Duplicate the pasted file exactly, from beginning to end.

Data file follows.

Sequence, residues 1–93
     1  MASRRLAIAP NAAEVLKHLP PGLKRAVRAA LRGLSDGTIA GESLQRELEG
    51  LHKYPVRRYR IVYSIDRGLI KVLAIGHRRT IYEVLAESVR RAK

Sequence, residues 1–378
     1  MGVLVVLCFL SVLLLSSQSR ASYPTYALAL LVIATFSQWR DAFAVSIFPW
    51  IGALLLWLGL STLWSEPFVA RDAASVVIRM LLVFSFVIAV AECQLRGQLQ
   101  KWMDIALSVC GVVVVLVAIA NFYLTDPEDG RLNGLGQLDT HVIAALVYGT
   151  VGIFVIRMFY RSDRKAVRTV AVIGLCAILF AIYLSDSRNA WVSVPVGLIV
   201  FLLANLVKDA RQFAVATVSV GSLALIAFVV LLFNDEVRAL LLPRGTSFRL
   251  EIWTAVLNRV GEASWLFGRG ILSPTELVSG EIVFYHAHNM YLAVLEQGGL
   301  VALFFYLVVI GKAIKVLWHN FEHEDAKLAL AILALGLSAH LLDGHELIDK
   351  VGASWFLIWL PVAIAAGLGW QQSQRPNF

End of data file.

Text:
Sequence, residues 1–93
     1  MASRRLAIAP NAAEVLKHLP PGLKRAVRAA LRGLSDGTIA GESLQRELEG
    51  LHKYPVRRYR IVYSIDRGLI KVLAIGHRRT IYEVLAESVR RAK

Sequence, residues 1–378
     1  MGVLVVLCFL SVLLLSSQSR ASYPTYALAL LVIATFSQWR DAFAVSIFPW
    51  IGALLLWLGL STLWSEPFVA RDAASVVIRM LLVFSFVIAV AECQLRGQLQ
   101  KWMDIALSVC GVVVVLVAIA NFYLTDPEDG RLNGLGQLDT HVIAALVYGT
   151  VGIFVIRMFY RSDRKAVRTV AVIGLCAILF AIYLSDSRNA WVSVPVGLIV
   201  FLLANLVKDA RQFAVATVSV GSLALIAFVV LLFNDEVRAL LLPRGTSFRL
   251  EIWTAVLNRV GEASWLFGRG ILSPTELVSG EIVFYHAHNM YLAVLEQGGL
   301  VALFFYLVVI GKAIKVLWHN FEHEDAKLAL AILALGLSAH LLDGHELIDK
   351  VGASWFLIWL PVAIAAGLGW QQSQRPNF